Rather than just go with a top 10 format, I thought it would be more fun to separate indies and AAA into a top 5 of each this year. Mainly because I want to highlight more of the great indie titles that add so much value to the industry, and to rank them separate from the higher production value AAAs. As per usual with any of my top year lists, I’m very keen to see what games others enjoyed the most this year, so feel free to respond with yours. No need to copy my format if you don’t want to, but I’d love to see what other games really grabbed people in the otherwise pretty solid 2018 year.

So first I’m gonna countdown my top 5 indie picks of 2018:

5.

While Warcraft 2 was the first thing to really get me into video games, the genre I explored right after were simulation games. Sim City was first, but Theme Hospital was the second, and I loved the personality + smaller scale of that experience. Two Point Hospital takes that general tone, but the way you play is so much more elegant and benefitting from modern technology. It so easy to just lay out a space, the campaign gives you good direction and challenge, while the general feeling of play is either peaceful or funny. Just throw on a some chillout or classical piano, and let the time fly away.

4.

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Another game that I like for relaxing, except weirdly it’s an RTS. What makes that work is the slower pace due to the management and 4X-style expansion elements thrown in. This is a much more accessible game vs. other RTSs that stress more actions per minute, yet you still need to think in order to win. Yes you build an army and expand through a map, but you also have to store enough resources for the winter months. This and They Are Billions give me hope RTSs can continue to thrive and innovate.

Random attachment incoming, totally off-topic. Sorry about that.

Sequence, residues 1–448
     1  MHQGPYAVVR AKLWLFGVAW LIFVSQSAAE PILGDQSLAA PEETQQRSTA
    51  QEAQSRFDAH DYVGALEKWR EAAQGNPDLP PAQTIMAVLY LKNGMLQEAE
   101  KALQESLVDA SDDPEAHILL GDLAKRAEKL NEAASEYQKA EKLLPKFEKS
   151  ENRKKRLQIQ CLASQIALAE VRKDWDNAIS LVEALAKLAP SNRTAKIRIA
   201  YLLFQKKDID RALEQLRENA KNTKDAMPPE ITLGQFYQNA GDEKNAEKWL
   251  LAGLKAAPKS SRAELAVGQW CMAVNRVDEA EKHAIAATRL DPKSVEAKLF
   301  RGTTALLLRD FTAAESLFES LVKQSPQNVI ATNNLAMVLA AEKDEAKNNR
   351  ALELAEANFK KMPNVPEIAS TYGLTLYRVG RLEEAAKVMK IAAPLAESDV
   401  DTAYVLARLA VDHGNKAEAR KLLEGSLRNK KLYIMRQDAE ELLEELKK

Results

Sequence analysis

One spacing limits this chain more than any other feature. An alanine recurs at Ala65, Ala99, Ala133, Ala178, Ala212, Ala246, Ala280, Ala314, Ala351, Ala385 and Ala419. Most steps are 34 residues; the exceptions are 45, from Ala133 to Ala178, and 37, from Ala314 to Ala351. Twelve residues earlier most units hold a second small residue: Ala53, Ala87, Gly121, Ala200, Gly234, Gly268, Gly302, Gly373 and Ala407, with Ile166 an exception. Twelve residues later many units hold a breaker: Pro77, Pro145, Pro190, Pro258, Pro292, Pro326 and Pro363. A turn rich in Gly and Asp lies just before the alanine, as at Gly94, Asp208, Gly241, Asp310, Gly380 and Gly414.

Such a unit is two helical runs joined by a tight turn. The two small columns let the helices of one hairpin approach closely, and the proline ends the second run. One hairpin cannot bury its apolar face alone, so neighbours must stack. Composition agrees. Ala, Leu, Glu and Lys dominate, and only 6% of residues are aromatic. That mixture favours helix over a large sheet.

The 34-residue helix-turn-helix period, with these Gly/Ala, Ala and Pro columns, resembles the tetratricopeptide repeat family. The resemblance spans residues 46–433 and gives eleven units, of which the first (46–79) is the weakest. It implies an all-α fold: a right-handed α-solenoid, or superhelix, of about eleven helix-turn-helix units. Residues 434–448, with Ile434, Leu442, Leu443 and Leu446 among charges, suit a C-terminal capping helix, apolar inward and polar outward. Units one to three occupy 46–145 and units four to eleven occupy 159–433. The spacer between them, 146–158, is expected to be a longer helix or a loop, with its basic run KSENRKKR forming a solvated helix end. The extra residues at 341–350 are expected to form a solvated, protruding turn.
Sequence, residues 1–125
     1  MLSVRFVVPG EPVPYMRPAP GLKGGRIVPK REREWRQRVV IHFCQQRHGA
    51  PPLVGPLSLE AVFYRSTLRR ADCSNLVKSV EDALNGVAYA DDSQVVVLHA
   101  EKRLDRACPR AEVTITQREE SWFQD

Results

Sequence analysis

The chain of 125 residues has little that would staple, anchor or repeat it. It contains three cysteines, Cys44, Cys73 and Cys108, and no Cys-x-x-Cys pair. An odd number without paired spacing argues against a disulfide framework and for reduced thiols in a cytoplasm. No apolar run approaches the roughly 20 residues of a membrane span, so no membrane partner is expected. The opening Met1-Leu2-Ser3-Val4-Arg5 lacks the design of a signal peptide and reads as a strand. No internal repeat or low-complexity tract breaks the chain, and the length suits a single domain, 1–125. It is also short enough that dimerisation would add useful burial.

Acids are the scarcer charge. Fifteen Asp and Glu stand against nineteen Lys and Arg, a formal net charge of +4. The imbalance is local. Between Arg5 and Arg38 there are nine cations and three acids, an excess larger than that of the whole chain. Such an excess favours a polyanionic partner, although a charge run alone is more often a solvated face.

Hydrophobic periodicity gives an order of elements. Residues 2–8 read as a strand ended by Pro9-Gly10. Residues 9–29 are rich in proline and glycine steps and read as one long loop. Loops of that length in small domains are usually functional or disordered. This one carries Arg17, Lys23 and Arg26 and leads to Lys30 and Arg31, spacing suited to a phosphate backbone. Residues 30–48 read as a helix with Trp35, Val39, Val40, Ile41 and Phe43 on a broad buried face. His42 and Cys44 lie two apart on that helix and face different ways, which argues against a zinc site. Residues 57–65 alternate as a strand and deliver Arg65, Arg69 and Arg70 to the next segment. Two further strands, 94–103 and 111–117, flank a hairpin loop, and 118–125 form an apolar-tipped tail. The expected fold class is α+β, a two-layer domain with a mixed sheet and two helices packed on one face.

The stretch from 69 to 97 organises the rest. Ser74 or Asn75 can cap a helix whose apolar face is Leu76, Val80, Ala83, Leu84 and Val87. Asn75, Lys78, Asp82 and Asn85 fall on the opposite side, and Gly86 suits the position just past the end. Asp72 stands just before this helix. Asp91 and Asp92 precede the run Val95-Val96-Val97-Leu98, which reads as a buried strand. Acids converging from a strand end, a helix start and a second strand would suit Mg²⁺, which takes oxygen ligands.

3.

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Castlevania: Symphony of the Night was a game I always respected, but never got into. Dead Cells I think just distilled down many of that game’s core elements into such a nice rogue-lite package. You get the permadeath with some saved progress, some procedural elements but there are fixed points to provide structure, and a nice array of items. The combat, traversal, controls, hit feedback, level design and art style are all on point to a polished sheen.

2.

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Missed out on this gem last year as it released in September, but I caught up early 2018. Already was a huge fan of Tom Francis’s previous game Gunpoint, and this one doesn’t disappoint on being an enjoyable systemic experience. The core loop of gun for hire, accepting missions at your star base, roaming out in your ship to somehow latch on to another, and becoming a top-down stealth game in that ship with a variety of increasingly creative tools to get the job done. It’s an easy game to lose hours to, while poking and prodding the game to see what it lets you do next.

1.

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It’s a weird year where an early access game is my favorite indie of the year, much less that the top 3 indie games this year for me all have rogue-like elements. This beautifully designed game decided to take a rogue-like structure, using card game mechanics. Each run lets you build a new deck adjusted to the random/chosen buffs you get along the way, making each run a bit different. The further you get, the more interesting your playstyle becomes, and the more creative the enemy design does to combat you. This is the 1st game I’m probably going to re-buy on Switch, just to have it with me on the go.

 

Alright, on to the big guys: